Thomas Mair’s modular Kara coffee machine is designed to be easily repaired without the need for specialized tools or technical knowledge. The shell is designed so that each part can be 3D printed if you don’t have access to its original replacement, and technical components — which are part of an open system — can be easily replaced or substituted.
Thomas Mair’s modular Kara coffee maker is meant to be repairable, recyclable, and long-lasting, setting a more sustainable norm for home appliance design. To decrease landfill trash and extend the life of each product, the product designer builds the machine consisting of simple, clearly labelled modules that can be switched out quickly and without any technical expertise or tools.
Kara, with her appealing appearance that gives a dash of colour to the kitchen counter, encourages users to repair the machine if any difficulties emerge. The maintenance procedure is guided by simply labelled components, a printed instruction manual, and an interactive touchscreen.
A Modular Design
According to Thomas Mair, “the way we regard technology is essentially wrong.” When an appliance breaks, we replace it rather than repair it. When we do, only around one-fifth of electronic items get recycled, according to estimates. This cannot and will not be sustainable.’
To address this issue, the designer devises a new method of designing and manufacturing electronics that considers the whole life cycle of the product and supports maintenance and repairability while minimising waste. As a result, if a coffee machine becomes broken, the only logical option is to fix it.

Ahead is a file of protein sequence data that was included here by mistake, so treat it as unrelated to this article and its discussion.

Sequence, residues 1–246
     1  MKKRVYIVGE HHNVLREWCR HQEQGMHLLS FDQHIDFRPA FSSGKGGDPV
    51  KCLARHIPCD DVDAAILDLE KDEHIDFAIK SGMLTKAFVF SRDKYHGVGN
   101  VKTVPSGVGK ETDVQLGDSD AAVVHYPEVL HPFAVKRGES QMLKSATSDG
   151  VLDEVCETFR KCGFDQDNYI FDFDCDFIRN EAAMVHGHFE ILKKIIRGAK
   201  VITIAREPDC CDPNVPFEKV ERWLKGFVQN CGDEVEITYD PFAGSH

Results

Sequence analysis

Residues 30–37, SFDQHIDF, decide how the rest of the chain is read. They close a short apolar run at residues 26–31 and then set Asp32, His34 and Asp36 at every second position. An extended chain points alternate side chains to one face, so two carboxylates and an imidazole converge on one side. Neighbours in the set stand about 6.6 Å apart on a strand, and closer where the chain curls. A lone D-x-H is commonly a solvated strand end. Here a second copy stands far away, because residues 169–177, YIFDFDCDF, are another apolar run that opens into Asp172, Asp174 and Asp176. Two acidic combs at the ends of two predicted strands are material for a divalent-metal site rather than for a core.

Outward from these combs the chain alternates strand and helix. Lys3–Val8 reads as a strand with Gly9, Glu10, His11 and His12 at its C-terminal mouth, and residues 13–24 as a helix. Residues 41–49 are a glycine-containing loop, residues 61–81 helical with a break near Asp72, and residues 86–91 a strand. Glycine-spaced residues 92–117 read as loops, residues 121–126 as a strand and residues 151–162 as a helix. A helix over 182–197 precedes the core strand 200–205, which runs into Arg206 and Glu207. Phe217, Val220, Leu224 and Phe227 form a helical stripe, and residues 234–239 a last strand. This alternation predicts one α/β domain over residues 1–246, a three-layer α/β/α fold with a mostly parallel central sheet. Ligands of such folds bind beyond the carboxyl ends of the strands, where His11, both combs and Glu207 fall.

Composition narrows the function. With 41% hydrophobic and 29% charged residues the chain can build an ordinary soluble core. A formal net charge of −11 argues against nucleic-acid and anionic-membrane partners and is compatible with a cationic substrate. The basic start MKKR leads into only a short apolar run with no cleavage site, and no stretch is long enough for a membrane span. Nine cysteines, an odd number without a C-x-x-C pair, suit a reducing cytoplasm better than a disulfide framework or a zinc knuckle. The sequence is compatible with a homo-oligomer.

The Kara coffee machine by Thomas Mair is meant to be readily fixed without the use of specialist tools or technical knowledge. The shell is constructed in such a way that each part may be 3D printed if the original replacement is unavailable, and technological components — which are part of an open system — can be simply replaced or substituted. The machine is easy to disassemble and recycle, and it employs different colours to designate separate plastic pieces for easy usage and a beautiful appearance to brighten up the kitchen.
Kara also primarily relies on design cues to signal to the user its repairability. On a daily basis, consumers engage with the front, which includes everything they could need to make a cup of coffee, while the hidden rear is dedicated to maintenance and repair. Meanwhile, internals are not concealed but rather integrated into the design. Labels make it even clearer when each part is in its proper place, and aligning magnets make assembly a breeze. A small touchscreen informs the user about the maintenance processes, while a supplementary user manual explains each step simply and logically for the layman.
Thomas is a product designer living in Eindhoven, the Netherlands, who is originally from South Tyrol in Italy. He graduated in 2022 from the department of Motion at Design Academy Eindhoven.
During his education, he worked as a product designer for Anex, BlueCorner, and Grindosonic at Raak Design in Belgium.
His work is mostly focused on speculative solutions, with the goal of making complicated situations simple and intelligible. He wants to show the world that by rethinking the systems we live in, we can use the planet’s resources far more effectively than we do now. His designs are contemporary, relevant, and extremely realistic, attempting to depict the future as if we were now living in it.
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